Additionally, there is a stipulation that the agreement itself must be reviewed by the three nations every six years, with a 16-year sunset clause. The agreement can be extended for additional 16-year terms during the six-year reviews. The introduction of the sunset clause places more control in shaping the future of the USMCA in the hands of domestic governments. However, there is concern that this can create greater uncertainty. Sectors such as automotive manufacturing require significant investment in cross-border supply chains. Given the dominance of the United States consumer market, this will likely pressure firms to locate more production in the US, with greater likelihood of increased production costs for those vehicles.
A new addition in the USMCA is the inclusion of Chapter 33 which covers Macroeconomic Policies and Exchange Rate Matters. This is considered significant because it could set a precedent for future trade agreements. Chapter 33 establishes transparency requirements for currency and macroeconomic transparency which, if violated, would constitute grounds for a Chapter 20 dispute appeal. The US, Canada, and Mexico are all currently in compliance with these transparency requirements in addition to the substantive policy requirements which align with the International Monetary Fund Articles of Agreement.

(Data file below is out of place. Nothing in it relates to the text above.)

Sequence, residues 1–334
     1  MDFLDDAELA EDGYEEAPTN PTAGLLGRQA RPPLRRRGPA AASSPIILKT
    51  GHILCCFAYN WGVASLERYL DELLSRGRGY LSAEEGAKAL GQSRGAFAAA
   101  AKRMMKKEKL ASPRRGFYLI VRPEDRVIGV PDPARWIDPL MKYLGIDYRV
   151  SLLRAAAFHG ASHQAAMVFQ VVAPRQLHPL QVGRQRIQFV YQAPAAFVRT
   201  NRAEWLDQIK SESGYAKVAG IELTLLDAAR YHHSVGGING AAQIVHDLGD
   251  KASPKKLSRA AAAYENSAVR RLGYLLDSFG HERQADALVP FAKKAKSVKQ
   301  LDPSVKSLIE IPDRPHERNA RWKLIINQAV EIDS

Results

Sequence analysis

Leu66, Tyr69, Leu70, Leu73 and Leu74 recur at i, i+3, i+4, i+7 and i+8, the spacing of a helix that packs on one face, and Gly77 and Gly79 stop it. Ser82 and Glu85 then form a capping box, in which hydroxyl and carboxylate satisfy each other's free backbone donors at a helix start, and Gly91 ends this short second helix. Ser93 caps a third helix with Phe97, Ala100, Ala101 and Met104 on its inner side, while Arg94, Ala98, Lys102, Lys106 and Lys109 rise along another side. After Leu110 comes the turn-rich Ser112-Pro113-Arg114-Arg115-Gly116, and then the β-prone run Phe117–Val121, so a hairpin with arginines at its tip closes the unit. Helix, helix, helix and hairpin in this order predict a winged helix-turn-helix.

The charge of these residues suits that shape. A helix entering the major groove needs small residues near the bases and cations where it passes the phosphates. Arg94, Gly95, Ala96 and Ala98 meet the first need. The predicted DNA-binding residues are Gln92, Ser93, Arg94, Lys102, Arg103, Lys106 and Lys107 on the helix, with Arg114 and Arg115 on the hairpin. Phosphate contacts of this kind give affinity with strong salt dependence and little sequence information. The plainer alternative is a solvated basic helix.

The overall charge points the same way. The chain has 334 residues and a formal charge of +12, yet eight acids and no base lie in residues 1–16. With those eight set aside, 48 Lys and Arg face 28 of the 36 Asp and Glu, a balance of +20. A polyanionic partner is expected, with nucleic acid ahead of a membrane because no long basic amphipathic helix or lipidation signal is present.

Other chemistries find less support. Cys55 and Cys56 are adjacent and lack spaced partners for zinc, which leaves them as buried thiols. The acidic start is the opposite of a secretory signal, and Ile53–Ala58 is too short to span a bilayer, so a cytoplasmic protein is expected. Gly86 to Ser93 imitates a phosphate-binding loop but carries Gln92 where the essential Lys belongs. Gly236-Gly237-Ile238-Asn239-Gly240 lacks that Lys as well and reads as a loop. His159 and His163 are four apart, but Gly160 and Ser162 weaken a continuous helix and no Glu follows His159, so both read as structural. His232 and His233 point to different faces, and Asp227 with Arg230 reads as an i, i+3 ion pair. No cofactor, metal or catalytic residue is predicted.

Interactions with other Trade Agreements
The USMCA will impact how member countries negotiate future free trade deals. Article 32.10 requires USMCA countries to notify USMCA members three months in advance if they intend to begin free trade negotiations with non-market economies. Article 32.10 permits USMCA countries the ability to review any new free trade deals members agree to going forward. Article 32.10 is widely speculated to be targeting China in intent.
Signature and pending ratification